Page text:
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The big differences between Once Upon a Deadpool and Deadpool 2

What happens when the Merc with a Mouth can’t mouth off

20th Century Fox

When I was a young, impressionable lad, Spaceballs changed my life. In the middle of the movie, Bill Pullman’s interplanetary hero Lone Star seeks wisdom from Mel Brooks’ Yoda-esque sage Yogurt, who stops the story cold to extol the virtues of “merchandising — where the real money from the movie is made.” (“Spaceballs: the T-Shirt” and “Spaceballs: the Coloring Book” are no match for Spaceballs: The Flamethrower.”) At the end of the adventure, Yogurt rides off into the galactic sunset saying “God willing we’ll all meet again in Spaceballs II: The Search For More Money.” I was shook.

Never have I seen Yogurt’s words realized with more brazen chutzpah than in Once Upon A Deadpool, a huckster’s gambit one can’t help but respect.

It’s hard to call the movie Deadpool 2.5. It’s more like Deadpool 2.1. This “new” motion picture is Deadpool 2 with some f-bombs snipped or inelegantly replaced (you can see their mouths moving!) and a framing device that the film itself jokes only took three days to shoot. Business-wise, it’s amazing work.

Deadpool 2 made over $730 million worldwide. (And deservedly so — it’s entertaining.) The movie’s core demo is 14-year-olds. It was also rated R and there are still some parents (and theaters) that take that sort of thing seriously. The holiday break is coming up and that means parents dumping their kids off at the mall for the afternoon. This is all to say: though Deadpool 2 is already a rentable stream there is enough of an audience for this weird, “new” version. I suspect that some proto-bros will prefer seeing “Fake Deadpool” over Bumblebee as that’s got a slightly female-skewing marketing plan. (Prove me wrong, boys! Prove me wrong!)

But is it worth sitting through?

Fred Savage in once Upon a deadpool 20th Century Fox

The truth is, I had a good time. Again. My friend and I sat with a colleague who found the whole thing excruciating. This may have added to my enjoyment. But the jokes! So many jokes. Some of them even new.

The framing device for Once Upon a Deadpool is spectacularly dumb. Deadpool has kidnapped Fred Savage and recreated the set from The Princess Bride, down to a bag of Cheetos sporting the old ’80s logo. And it’s the actual Fred Savage, who now directs episodes of Modern Family. Way to go, Fred!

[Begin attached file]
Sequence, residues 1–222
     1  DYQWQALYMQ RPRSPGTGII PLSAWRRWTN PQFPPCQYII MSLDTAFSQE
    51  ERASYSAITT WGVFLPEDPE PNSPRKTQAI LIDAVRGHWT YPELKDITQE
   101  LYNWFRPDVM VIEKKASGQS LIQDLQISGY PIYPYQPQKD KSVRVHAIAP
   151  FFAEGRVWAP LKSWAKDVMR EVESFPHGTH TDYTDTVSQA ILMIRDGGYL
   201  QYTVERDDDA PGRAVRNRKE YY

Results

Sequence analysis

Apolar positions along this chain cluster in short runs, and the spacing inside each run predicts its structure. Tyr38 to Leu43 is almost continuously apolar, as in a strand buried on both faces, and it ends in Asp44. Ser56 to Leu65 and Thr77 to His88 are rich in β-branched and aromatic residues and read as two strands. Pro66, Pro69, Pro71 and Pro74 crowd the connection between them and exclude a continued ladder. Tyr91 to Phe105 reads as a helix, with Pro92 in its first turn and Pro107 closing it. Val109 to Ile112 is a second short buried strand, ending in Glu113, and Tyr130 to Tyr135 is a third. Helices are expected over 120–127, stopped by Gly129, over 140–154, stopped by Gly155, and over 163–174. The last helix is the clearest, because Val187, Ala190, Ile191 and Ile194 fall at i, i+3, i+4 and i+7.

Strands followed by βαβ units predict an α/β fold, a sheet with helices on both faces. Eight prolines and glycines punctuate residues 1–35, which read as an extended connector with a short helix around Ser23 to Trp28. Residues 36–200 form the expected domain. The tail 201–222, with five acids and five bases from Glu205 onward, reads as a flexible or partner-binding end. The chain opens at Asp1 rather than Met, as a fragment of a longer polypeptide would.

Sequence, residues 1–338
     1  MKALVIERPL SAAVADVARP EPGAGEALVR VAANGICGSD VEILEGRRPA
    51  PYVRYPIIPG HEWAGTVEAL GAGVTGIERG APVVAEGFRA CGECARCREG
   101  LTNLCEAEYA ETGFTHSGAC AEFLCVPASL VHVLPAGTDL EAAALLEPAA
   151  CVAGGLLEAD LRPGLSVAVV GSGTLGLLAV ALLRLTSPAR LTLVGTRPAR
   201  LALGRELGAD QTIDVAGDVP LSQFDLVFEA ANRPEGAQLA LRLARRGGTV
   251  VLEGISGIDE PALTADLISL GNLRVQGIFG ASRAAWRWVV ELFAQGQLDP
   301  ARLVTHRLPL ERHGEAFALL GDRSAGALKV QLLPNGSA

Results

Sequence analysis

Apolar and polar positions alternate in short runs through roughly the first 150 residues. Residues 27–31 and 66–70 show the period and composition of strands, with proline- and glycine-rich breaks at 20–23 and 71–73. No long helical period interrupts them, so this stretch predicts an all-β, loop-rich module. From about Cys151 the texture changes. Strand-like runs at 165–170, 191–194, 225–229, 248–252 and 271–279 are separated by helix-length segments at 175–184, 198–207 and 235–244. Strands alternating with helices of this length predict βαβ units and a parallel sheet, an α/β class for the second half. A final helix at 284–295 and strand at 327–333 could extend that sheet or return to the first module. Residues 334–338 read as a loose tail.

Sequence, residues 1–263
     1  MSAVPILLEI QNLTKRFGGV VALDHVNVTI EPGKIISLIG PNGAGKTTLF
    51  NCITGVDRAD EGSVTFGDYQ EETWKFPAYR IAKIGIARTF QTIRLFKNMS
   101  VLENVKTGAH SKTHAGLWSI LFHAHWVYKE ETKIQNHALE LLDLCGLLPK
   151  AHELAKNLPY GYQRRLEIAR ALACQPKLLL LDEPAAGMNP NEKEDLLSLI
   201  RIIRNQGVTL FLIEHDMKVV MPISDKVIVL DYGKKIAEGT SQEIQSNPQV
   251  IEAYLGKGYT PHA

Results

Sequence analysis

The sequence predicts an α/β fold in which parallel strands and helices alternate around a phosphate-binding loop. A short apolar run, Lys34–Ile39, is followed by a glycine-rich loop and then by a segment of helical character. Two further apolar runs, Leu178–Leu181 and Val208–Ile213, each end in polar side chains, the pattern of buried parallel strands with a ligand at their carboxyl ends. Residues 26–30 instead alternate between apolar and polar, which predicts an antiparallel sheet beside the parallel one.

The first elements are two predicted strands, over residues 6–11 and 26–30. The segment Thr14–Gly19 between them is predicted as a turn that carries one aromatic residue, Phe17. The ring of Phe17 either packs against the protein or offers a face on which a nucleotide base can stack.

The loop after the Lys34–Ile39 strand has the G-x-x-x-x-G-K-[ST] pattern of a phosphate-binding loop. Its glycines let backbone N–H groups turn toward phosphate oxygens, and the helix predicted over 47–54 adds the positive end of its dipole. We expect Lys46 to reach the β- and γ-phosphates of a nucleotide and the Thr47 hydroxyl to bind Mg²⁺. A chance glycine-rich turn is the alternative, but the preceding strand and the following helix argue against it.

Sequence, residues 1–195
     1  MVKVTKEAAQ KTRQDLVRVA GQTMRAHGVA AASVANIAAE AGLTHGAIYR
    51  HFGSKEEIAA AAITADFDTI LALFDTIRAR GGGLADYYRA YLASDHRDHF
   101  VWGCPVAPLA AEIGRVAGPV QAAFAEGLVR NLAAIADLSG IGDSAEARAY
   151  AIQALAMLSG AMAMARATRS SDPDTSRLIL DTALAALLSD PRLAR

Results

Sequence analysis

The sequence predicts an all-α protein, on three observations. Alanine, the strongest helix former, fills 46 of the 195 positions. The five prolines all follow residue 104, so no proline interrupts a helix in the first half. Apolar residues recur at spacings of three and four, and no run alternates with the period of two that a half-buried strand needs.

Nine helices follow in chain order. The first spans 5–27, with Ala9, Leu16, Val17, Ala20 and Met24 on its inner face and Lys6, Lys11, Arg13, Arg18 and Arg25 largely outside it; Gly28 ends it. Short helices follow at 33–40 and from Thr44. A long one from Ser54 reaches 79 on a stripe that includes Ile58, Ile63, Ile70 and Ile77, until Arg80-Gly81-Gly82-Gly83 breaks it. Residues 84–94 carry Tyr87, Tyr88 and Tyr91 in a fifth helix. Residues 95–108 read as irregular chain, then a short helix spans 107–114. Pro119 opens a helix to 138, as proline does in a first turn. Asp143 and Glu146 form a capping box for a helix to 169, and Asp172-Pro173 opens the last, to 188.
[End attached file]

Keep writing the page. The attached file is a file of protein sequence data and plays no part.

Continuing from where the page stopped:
The movie opens with Deadpool cracking open a picture book called Deadpool 2: King James Edition, and telling the story of Deadpool 2 to Fred Savage, naked from the waist down and taped to the bed. Periodically we check back in, when Fred has questions — just like in The Princess Bride!

The gag is that Fred turns out to be a huge Marvel fan, so he disses Deadpool 2’s insufficient treatment of Cable’s complex backstory. He also refuses to consider the Deadpool movies as part of the MCU. The patter risks getting too inside baseball, like a moment when Deadpool boasts about Disney’s purchase of Fox. Fred essentially calling the anti-hero a cuck for shacking up with Mickey Mouse makes it work.

One word we do not hear in the movie is the ol’ reliable F-word. As hack filmmakers have long called New York City a “character” in their films, the absence of the F-word can surely take above-the-title billing in Once Upon A Deadpool. In the Fred Savage scenes, Deadpool has a little doohickey that looks like a key fob that can lay a bleep over the soundtrack. And thus we get a whole lengthy bit about Fred Savage f****** Matt Damon. It’s mildly funny and first. Then it gets annoying. Then it gets hysterical.

The cuts to the new material don’t always work. Surprisingly, there’s a cutaway right in the middle of the best sequence: the first deployment (and the death of most) of X-Force. It kinda ruins the flow. Also, to be totally honest, taking a breath to joke about previous scenes is something Deadpool 2 already had going for it — whatever you think of the guy, that’s what T.J. Miller’s character is for.

The Savage Interludes (which is what we should all be calling them) do, however, offer some wet kisses to people who are Extremely Online. There’s a whole spiel taking Deadpool 2’s writers to task for “fridging” Deadpool’s girlfriend Vanessa, plus the argument that a joke about “lazy writing” doesn’t excuse lazy writing and is, in fact, the laziest writing of all.

This whole movie is obnoxious and annoying! But Ryan Reynolds is funny. There’s also a new end credits stinger that’s kind’ve an [F-word you] to end credits stingers, but also a weirdly earnest salute to Stan Lee. (If you look closely you’ll see a Stan Lee RIP mural digitally inserted into one scene, too.)

A quick scan of the Deadpool 2 screenplay transcript reveals that even more off-color jokes were cut than I remember. The only one I definitely noticed was the scene in the Ice Box where Deadpool tells Russell, the under-age mutant who may or may not grow up to kill Cable’s family, “it ends with me dying of cancer and you winning the Ice Box award for softest mouth.”

This joke has been changed to “pinchable cheeks.” Yeah, whatever, Fake Deadpool.


Jordan Hoffman is a writer and member of the New York Film Critics Circle. His work can be read in The Guardian, New York Daily News, Vanity Fair, Thrillist and elsewhere.